One of the main aspects that characterises Linked Open Data (LOD) is Hetero-geneity: it is not hard to find RDF datasets that describe overlapping domains using different vocabularies [11]. A long-standing challenge raised by this state of affairs is related to the access and retrieval of data. In particular, a com-mon scenario that is playing a central role to accomplish a number of tasks, including integration, enriching and comparing data from several RDF datasets, can be described as follows: given a query Qo (e.g. Select distinct ?mod

?title where { ?mod a ou:Module. ?mod dc:title ?title }1) formulated w.r.t a source RDF dataset Ds (e.g. Dou=,

we need to reformulate it w.r.t another similar target RDF dataset Dt (e.g.

Dsu= Achieving this goal usually

involves quite intensive and time consuming ad-hoc pre-processing [12]. In par-ticular, it requires spending time in exploring and understanding the target RDF dataset’s data model and content, and then, iteratively reformulating and test-ing SPARQL queries until the user reaches a query formulation that is right for his/her needs [3]. Reformulating a query over many RDF datasets can be very laborious but, if aided by tool support that recognises similarities and provides prototypical queries that can be tested without the user’s prior knowledge of the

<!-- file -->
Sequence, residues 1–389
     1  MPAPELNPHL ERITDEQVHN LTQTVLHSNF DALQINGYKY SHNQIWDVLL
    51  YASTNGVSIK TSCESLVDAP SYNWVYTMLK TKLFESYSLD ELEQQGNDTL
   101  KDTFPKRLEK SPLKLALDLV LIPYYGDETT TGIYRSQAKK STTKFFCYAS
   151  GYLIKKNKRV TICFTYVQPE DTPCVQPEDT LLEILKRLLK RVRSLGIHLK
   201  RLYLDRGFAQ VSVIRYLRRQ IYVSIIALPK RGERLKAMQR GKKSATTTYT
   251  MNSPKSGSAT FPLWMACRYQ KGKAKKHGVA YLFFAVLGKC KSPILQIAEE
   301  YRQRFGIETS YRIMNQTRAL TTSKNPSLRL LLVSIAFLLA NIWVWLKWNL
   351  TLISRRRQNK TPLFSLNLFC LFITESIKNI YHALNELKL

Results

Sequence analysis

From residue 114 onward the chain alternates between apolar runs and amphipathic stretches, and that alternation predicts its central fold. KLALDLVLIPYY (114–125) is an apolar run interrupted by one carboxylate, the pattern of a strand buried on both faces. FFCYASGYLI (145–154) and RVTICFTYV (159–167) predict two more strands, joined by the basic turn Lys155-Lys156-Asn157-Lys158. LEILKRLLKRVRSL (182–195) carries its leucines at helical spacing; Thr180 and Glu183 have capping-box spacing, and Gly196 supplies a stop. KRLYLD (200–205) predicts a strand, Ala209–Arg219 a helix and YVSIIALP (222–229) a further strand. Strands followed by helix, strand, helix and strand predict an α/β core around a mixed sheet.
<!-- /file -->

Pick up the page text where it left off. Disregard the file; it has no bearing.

dataset, the time and effort could be significantly reduced. In this demo paper, we propose a novel approach and a tool (called SQUIRE) that, given a SPARQL query Qo that is satisfiable w.r.t a source RDF dataset (Ds), provides query

recommendations by automatically reformulating Qo into others Qri that are